Electronic health record confidentiality

From Wikipedia, the free encyclopedia
Jump to: navigation, search

Electronic health record medical healthcare systems are developing widely. Things are being moved from the manual ways to automation and the patient records and health records are also being recorded electronically. One important aspect of any health record system is to ensure the confidentiality of the patient information because of its importance in the medical field.

Definition of electronic health[edit]

In the recent times, the individual patient’s and population’s health information is recorded in form of electronically accessible files known as electronic health records (EHR). These are digital records which can be easily transferred across the internet.[1] A multitude of information is contained within the electronic health including billing information, patient’s weight, age, vital signs, radiology images, laboratory test results, immunization status, allergies, medication, medical history and demographics etc.

Purpose and use[edit]

Regardless of being in a paper form or electronic form, a medical health record is a tool of communication which helps in making clinical decisions, designing regulatory processes, accreditation, education, legal protection, research purposes, service coordination and evaluation of the efficacy and quality of healthcare provided.[2]

Personally Controlled Electronic Health Records Act[edit]

In order to ensure the safe and secure usage of the Electronic Health Records, the Australian government introduced the Personally Controlled Electronic Health Records Act in 2012. The act provides information regarding the rights of patients, obligatory information protection steps by the medical staff and organizations and the steps of registration with reference to the usage of patient’s Personally Controlled Electronic Health Record.[3]

Protecting electronic health records[edit]

Since Electronic Health Records have more of a virtual existence than a physical one, protecting them also requires usage of appropriate technological tools and techniques. The following measures regarding the protection of Electronic Health Records are worth highlighting:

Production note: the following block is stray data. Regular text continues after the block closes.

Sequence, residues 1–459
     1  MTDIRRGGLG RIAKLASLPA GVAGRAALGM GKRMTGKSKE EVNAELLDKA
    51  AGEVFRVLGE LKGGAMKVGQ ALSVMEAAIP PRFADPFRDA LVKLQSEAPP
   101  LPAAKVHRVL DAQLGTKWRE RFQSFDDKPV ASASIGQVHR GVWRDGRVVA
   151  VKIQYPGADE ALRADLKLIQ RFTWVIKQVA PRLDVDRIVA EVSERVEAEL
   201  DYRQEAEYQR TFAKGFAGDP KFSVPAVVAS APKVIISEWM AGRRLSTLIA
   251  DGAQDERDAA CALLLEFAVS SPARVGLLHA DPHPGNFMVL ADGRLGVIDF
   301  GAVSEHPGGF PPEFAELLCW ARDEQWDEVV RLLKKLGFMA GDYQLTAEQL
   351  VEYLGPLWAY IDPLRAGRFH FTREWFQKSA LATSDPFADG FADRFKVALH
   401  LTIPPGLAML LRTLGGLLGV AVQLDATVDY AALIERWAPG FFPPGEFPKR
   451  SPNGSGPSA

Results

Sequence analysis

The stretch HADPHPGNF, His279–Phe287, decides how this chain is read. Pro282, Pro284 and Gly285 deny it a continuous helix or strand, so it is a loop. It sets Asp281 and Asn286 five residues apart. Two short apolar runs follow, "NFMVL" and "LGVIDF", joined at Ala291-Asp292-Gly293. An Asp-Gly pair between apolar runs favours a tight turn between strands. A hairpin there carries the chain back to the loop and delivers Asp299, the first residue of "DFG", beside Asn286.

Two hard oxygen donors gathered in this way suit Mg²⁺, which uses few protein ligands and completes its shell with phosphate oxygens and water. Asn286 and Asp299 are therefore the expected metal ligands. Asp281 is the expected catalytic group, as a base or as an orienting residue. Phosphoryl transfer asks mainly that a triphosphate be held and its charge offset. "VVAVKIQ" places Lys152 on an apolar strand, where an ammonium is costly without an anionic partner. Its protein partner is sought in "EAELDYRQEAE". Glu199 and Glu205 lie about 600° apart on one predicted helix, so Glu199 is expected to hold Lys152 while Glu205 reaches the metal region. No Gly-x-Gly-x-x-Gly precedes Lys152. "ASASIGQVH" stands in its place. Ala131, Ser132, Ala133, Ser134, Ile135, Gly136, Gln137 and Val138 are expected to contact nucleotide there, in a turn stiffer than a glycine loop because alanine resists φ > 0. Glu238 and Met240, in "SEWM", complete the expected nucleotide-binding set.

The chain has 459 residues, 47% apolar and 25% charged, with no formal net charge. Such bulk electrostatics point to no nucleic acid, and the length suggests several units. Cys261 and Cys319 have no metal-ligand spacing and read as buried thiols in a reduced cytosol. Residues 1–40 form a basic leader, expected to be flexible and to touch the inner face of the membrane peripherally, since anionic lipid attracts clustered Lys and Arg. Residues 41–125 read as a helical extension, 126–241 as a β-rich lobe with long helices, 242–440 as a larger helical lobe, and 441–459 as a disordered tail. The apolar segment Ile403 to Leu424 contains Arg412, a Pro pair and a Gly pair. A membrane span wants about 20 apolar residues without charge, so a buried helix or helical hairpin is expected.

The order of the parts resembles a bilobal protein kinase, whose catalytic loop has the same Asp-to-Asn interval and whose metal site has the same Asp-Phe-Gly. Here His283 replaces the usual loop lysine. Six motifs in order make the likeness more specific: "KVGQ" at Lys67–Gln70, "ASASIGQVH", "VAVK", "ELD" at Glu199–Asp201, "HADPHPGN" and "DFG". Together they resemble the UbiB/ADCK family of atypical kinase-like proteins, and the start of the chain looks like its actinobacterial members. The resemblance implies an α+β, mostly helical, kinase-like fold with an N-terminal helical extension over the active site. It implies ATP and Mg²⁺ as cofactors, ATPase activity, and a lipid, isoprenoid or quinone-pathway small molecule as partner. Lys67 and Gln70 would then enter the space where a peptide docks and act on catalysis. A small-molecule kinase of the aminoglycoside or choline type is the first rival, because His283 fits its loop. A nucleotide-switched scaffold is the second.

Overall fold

Ensuring the prevention of confidentiality breakage requires the provision of authorized access to the patient’s healthcare information. In order to do so, the following steps could be taken:

  • Installation of a Protective Layer Software or Authorization Management Software.
  • Provision of Username and Passwords for access to users dependent upon their individual needs.
  • Execution of Security Protocols and Password Protection measures including:
    • Password Changing after periodic intervals.
    • Setting rules for minimum number of characters in passwords.
    • Barring from the re-usage of passwords.
  • Installation of Second Tier Verification Systems such as Face Recognition, Bio-metrics Identifier Scan including retina, finger or palm scanning etcetera.[4]

Integrity and security, and consequences of information leakage[edit]

Data theft and alteration has been a major problem in the recent times. Moreover, as far as patient health records are concerned, there are always potential threats of information leakages, data hacking, information destruction, manipulation or even blackmailing of patients by the external or internal users. Since the consequences of Information leaks are comparatively high in contrast to information alterations, one possible way to have information regarding the user of information is to audit information trails.[5] Audit trails refer to keeping information about who had recently used or accessed patient records. Through the usage of audit trails and the above-mentioned security steps, Electronic Health Records could most probably be made the best way of collecting, storing, retaining and using patient health information.

References[edit]

  1. ^ Herman, C. (2004). Nursing BC/Registered Nurses Association of British Columbia, 36(5), 25. Retrieved from http://www.commonwealthfund.org/~/media/Files/Publications/Issue%20Brief/2012/Jul
  2. ^ Given, LM (ed.) 2008, The SAGE encyclopaedia of qualitative research methods, SAGE Publications, Inc., Thousand Oaks, CA, viewed 1 June 2013, doi:10.4135/9781412963909
  3. ^ Australian Government Law. (2012). "Personally Controlled Electronic Health Records Act 2012". N.p. Retrieved from http://www.comlaw.gov.au/Details/C2012A00063
  4. ^ Internet protection tips. (1996). Credit World, 85(1), 29-29. Retrieved from http://search.proquest.com/docview/220748487
  5. ^ Harman, L. & Bond, K. (2012). "Electronic Health Records: Privacy, Confidentiality and Security". N.p. Retrieved from http://virtualmentor.ama-assn.org/2012/09/stas1-1209.html